Making Your Hurricane Supplies More Sustainable

When you're a kid, the beginning of June signals the start of summer vacation. Off of school for two and a half whole months, yay!

When you're an adult, the beginning of June signals the start of hurricane season. Not yay.

There are always wildly varying predictions of how each year's hurricane season will turn out, but no matter what, it's best to be prepared, so you aren't scrambling at the last minute to get that last pack of toilet paper on the shelf.

And by preparing early, you can make your supply kit more sustainable. Yes, it's possible!

There are tons of supply checklists online, including in Lafayette Utilities System's annual Hurricane Handbook. I won't provide a complete list of what you should have, but I'll share a few sustainable alternatives to popular (and necessary) items.

View a copy of the annual LUS Hurricane Handbook here.


Always keep a few flashlights on hand for if the power goes out. Hand crank lights work well, and some are solar-powered.

Many storm flashlights come with radios built in, but watch for ones that say they can charge cell phones. I tried one of these combination lights a few years back and it wouldn't even charge my Blackberry.

Be careful using candles for light, especially with children or pets in your home. Candles can be easily knocked over, causing even more danger. Plus, the fumes can be toxic if you are in a boarded-up house and you can't open the door because of the weather. If you stock up on candles, look for soy, vegetable or bees wax candles, which burn chemical free, with lead- or zinc-free wicks, which can also emit toxins.


Stock up on batteries, and choose rechargeable ones if you can. Just keep enough charged and on-hand so you don't have to worry about it while the power is out.

Conserve energy in your refrigerator or freezer by opening it as little as possible.

Keep your cell phones charged as much as possible in case the power goes out. Invest in a few backup power banks to give you an emergency battery boost if you need it. (Many companies give these out as promotional items - keep them and keep them charged!)


Canned food is the best since it "can" last a long time and remain unspoiled before it's opened. But get food you would eat normally! That way, you can ensure the food gets eaten even if it's not during a power outage. Also pick up healthier options, so you don't resort to eating pure crap.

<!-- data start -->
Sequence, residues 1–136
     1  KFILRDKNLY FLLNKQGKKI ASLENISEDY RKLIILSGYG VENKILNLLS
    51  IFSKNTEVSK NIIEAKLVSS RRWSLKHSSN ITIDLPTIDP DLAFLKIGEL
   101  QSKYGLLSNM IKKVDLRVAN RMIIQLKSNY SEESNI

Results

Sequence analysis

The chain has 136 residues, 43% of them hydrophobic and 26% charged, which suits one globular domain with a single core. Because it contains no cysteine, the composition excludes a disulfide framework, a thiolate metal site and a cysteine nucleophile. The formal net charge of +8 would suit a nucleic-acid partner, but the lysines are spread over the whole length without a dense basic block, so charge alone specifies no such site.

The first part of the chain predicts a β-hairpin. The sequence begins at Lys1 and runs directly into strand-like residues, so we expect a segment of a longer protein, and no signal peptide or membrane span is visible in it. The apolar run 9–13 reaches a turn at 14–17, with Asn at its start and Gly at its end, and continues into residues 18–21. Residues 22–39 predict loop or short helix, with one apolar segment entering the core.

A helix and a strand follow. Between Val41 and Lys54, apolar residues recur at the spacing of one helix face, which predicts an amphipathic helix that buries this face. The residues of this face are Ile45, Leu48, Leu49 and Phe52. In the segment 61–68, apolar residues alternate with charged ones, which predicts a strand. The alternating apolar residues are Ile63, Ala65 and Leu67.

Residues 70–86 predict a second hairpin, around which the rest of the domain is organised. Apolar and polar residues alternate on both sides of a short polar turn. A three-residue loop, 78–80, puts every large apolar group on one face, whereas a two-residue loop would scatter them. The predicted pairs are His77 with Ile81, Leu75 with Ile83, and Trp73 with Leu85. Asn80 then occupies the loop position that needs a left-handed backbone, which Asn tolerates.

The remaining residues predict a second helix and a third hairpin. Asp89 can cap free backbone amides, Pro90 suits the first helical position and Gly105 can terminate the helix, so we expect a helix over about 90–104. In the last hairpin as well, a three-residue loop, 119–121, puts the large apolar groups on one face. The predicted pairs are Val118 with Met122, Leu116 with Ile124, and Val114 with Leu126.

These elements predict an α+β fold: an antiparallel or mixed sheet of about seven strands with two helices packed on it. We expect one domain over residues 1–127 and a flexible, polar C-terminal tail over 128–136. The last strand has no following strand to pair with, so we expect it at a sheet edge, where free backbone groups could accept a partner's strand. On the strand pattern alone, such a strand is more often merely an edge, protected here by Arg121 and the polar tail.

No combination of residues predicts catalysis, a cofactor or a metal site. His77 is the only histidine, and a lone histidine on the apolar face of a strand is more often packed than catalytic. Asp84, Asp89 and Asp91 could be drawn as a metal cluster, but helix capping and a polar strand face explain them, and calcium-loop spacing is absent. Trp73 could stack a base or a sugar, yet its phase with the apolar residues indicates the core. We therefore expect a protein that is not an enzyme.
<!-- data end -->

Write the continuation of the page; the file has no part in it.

Be sure to have a manual can opener, or that food will be staying in the can. And if you have an electric stove, look for food you can eat that doesn't need to be heated.

Save your cans for recycling, but remember to throw the lids.

Buy snacks and other nonperishables in larger containers instead of single-serve to eliminate some unnecessary waste.

When you're getting bottled water, go for what has the least amount of packaging - and recycle the bottles. I always go for gallons of water, but if you need personal size bottles, choose the ones with eco-friendly packaging, no BPA, and less plastic. And conserve your water from the sink or bathtub. Keep your showers quick!

If you stock up with adult beverages (or throw a hurricane party), get canned beer or boxed wine, especially now that glass is not accepted under Lafayette's curbside recycling contract.

Don't forget to shop with your cloth bags.

Other Essentials

I don't like to advocate for paper materials, but especially if you have a family, it can be too much to wash dishes or clean rags during an extended power outage, especially if you need to conserve water or are under a boil advisory.

Look for paper plates made with recycled content, or invest in some bagasse plates and boils, made from sugarcane byproducts. Use reusable plastic cups.

Get toilet paper and paper towels made with recycled content.

If you have pets, make sure to get enough extra food and litter in advance. Save plastic bags to reuse for scooping when your pets have to go. If you use canned food, recycle the cans! 

If you like to keep all of your supplies packed together, get a reusable container made with recycled material that can be stored away, or thrown in the car easily. Larger cloth bags also work well.

Keep plywood boards safe and protected between seasons so you can reuse them each year.


If you have children, get old-fashioned toys and games to keep them occupied, so they don't drain the battery on your computer or phone. Coloring books are fun for kids and adults.

Stock up on books from the library.

Keep board games or a deck of cards on hand.

Just don't play ball in the house!

Prepare your home in advance, and you won't have to waste supplies at the last minute. There are many ways to outfit your home so it's always more protected from storms, from functional shutters to reinforcing your roof. Building or renovating your home so it's stronger will help minimize damage and destroyed materials.

If you make the decision to evacuate, secure your house first, and choose the most fuel-efficient car you have in your family. Gas will be a scarce commodity, and prices will go up. And you may end up traveling further than you want to. Stretch what you get as far as you can. Pack smart and don't forget your valuable documents. Keep them in a waterproof container.

Even if you don't live in a hurricane-prone area, use this guide for any kind of storm supply kit you might need.

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